conviction, he or she must file an information under 21 U.S.C. § 851 alleging, and subsequently prove, that the defendant has been previously convicted of a drug offense at the time of the offense being prosecuted." Id. The Steele court further speculated that the "initial conviction may have been constitutionally impaired." Id. at 138. The court concluded that, "[s]ince distribution of marihuana without remuneration is not inherently a felony, it seems to us that the only alternative to so regarding it consistent with the rule of lenity would be to treat any § 844 offense in this context as a misdemeanor." Id. at 137.
This Court disagrees with Petitioner's argument for various reasons. First, Steele is not binding on this court, and more importantly, the Second Circuit, in Simpson, seems to have implicitly rejected the holding in Steele. As discussed above, the defendant in Simpson had been convicted of Criminal Sale of Marihuana in the Fourth Degree under New York Penal Law § 221.40, just as had the defendant in Steele. However, the Second Circuit had no difficulty in finding that Simpson's convictions were aggravated felonies within the meaning of 8 U.S.C. § 1101(a)(43)(B). See, Simpson, 2002 WL 31866221 at *3 ("[U]nder the CSA, all three [convictions] are punishable as felonies.")*fn10 Moreover, while the Court in Steele had no information regarding the underlying facts of the defendant's convictions*fn11, leaving it free to speculate that he may have merely transferred marihuana without consideration, in the instant case there is evidence that Petitioner actually sold marihuana for money. At the Immigration Hearing, Petitioner admitted that the documents relating to his convictions under Penal Law § 221.40, which included written statements from police officers, were "accurate and correct."(Admin. Record pp. 71-72; pp. 48-50, 54-57). These documents indicate that Petitioner sold marihuana for money, and he has never claimed otherwise. Therefore, the Court finds that Steele is inapplicable to the instant case.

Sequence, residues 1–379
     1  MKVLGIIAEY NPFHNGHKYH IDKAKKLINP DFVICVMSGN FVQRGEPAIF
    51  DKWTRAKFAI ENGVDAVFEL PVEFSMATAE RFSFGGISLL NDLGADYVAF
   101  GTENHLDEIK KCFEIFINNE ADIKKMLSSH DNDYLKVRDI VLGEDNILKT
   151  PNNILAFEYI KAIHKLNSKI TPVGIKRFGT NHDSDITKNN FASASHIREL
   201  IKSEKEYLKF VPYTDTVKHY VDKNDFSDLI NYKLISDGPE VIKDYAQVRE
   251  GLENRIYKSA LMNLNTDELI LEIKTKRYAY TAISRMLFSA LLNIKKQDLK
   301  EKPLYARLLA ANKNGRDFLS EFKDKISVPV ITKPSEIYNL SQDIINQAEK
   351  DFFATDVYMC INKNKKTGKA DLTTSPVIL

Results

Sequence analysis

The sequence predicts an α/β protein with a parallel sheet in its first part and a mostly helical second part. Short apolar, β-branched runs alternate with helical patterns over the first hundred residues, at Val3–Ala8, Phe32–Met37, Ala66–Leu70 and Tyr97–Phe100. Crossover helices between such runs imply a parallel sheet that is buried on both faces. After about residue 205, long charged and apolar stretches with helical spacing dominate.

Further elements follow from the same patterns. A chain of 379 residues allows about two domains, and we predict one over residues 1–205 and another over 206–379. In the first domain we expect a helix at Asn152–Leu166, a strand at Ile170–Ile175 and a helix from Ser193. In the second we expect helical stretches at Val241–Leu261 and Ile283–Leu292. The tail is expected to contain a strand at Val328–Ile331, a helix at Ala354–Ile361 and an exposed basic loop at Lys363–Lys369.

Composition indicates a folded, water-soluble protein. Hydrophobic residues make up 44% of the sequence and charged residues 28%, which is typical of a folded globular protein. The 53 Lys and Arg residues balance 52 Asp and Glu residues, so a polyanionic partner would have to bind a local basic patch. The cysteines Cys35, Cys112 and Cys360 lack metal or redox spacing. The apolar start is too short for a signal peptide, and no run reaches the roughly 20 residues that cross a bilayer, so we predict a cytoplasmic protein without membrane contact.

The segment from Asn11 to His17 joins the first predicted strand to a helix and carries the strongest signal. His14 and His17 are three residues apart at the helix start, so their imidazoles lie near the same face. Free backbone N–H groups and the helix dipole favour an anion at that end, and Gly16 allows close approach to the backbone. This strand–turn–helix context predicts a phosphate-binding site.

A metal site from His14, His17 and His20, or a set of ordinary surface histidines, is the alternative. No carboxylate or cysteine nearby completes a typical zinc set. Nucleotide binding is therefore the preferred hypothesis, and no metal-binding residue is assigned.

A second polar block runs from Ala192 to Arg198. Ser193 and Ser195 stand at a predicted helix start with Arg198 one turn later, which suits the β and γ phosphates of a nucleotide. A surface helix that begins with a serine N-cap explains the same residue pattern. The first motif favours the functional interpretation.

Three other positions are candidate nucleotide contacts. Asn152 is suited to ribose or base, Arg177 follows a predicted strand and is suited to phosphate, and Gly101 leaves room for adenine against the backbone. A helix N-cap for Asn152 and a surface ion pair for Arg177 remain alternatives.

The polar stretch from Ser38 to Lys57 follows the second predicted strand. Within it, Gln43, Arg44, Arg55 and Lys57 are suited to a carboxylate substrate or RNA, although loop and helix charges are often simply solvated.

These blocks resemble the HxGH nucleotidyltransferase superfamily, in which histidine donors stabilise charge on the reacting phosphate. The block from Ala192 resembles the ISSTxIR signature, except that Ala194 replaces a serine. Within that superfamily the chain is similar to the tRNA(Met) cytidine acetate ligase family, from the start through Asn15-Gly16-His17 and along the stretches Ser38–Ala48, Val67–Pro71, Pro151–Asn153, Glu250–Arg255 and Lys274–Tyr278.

For all of the foregoing reasons, the Court finds that the Respondents correctly found that the Petitioner is deportable, and that Petitioner is ineligible for discretionary waiver, because he has been convicted of aggravated felonies. The application pursuant to 28 U.S.C. § 2241 is denied, and this action is dismissed.